Release Date: 03 August 2019
Starcast: Kartar Cheema, GURI, Sawan Rupowali, Nikeet Dhillon, Rahul Jungral, Victor John, Sanjeev Attri, Navdeep Kaler, Karan Battan, Vicky Suvinder & Seema Kaushal
Producer: Khushwinder Parmar, Swapan Monga, Anmol Monga, Vipan Gill, Balkar Bhullar, KV Dhillon
Director: Manav Shah
Synopsis: Sikander 2 is about the return of a gangster back in the dirty game but this time, for someone he calls family. Sikander finds a new home and a steady life in a village until his 'so-called' younger brother chooses to go to Panjab University for higher studies. Influenced by the glorified gangster culture, this collegiate ends up joining hands with some notorious ruffians and lands himself into unforeseen trouble. When he calls for help, the transformation of an agriculturist Teji to the dreaded Sikander is what the film holds for you.
Review: If you've watched Sikander a day or two ago just like me then I am sure you'll feel the same way as me that the original lacked a lot in terms of performances and overall presentation. Though the film was powerful, it wasn't really the best use of talent. But from the very opening scene of Sikander 2, I got the vibe that this film will be a treat to watch.
Sikander 2 opens with a shootout followed by a quick flashback of its prequel reminding us that Sikander (Kartar Cheema) was shot to death by one of his opponents, Pandit (Victor John). Sikander survives and ends up living with a mother (Seema Kaushal) and her son Balli (Guri) who love him like their own. The man chooses to lead a changed lifestyle and utters no word about his past, thus no one really knows who he is. Now named Teji, this simple man is an agriculturist who is only bothered about his crops and his family. Balli, on the other hand, is young blood that's bubbling to steam out and often indulges in petty fights. His family gets him enrolled in Panjab University, Chandigarh and that's where this bud blooms into a flower.
Leaving his mother and Teji urf Sikander back in the village, Balli moves to the PU hostel sharing his room with Tooti (Shivam Sharma) and as days pass, gets acquainted with a student party and gains momentum as a popular face in the Uni owing to his singing and daring attitude. He falls for Bindu (Nikeet Dhillon) who reciprocates the same feelings and they end up as a couple.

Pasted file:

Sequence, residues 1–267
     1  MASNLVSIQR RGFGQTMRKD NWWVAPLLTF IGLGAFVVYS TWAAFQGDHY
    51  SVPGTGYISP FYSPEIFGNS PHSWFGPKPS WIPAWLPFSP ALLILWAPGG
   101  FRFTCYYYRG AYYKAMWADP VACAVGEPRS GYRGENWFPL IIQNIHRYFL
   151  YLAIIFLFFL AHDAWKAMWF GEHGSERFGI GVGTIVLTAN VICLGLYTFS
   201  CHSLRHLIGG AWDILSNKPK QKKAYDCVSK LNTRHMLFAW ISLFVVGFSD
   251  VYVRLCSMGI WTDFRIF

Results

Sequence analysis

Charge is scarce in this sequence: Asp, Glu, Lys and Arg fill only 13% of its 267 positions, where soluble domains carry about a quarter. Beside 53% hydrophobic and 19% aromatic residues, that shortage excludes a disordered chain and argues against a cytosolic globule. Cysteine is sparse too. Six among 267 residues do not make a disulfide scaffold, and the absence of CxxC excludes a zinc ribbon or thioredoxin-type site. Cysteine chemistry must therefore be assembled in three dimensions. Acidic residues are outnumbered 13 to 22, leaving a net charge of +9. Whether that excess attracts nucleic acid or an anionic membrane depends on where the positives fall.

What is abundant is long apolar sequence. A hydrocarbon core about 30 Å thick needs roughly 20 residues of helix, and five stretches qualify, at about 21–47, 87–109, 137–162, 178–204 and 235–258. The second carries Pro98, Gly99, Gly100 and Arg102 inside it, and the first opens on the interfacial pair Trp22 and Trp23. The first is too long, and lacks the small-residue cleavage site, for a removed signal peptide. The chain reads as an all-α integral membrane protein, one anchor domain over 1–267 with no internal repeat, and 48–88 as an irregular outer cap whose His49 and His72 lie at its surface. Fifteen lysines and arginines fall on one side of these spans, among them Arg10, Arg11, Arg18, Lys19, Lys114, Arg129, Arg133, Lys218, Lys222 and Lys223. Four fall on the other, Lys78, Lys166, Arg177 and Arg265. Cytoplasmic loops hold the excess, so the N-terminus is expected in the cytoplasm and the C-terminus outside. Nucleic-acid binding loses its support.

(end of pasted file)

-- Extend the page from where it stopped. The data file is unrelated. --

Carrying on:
The real game starts when the student elections approach and Balli gets picked up by Lakha (Rahul Jungral) as his star campaigner opposite the 4 years winning party of Pandit (Victor John). Besides these two, there is also a party lead by Kiran (Sawan Rupowali) that wants to overthrow the rule of power-hungry gangster parties to bring about a positive change in the uni.
How Balli gets used and traded and what finally brings back Sikander to the foreground to save his younger sibling from this ugly racket is what you must watch in the theatre.
Now let's talk about the actors:
Kartar Cheema: Brilliant work! His journey from a boy to a man is evident from the journey back and forth in time and the way he has controlled his expressions is nothing less than excellent. His look as Teji does make you sympathize with his lifestyle but the contrast as Sikander makes you fall for him head over heels. The man has carried his guilt throughout his psychological metamorphosis in his eyes till the last moment in the film and that's his winning point which makes you fall in love with this heroic not-an-antagonist nor protagonist character. His role is amazingly performed and has been put across as a very powerful message to the youth of today, but without being preachy. Hats off!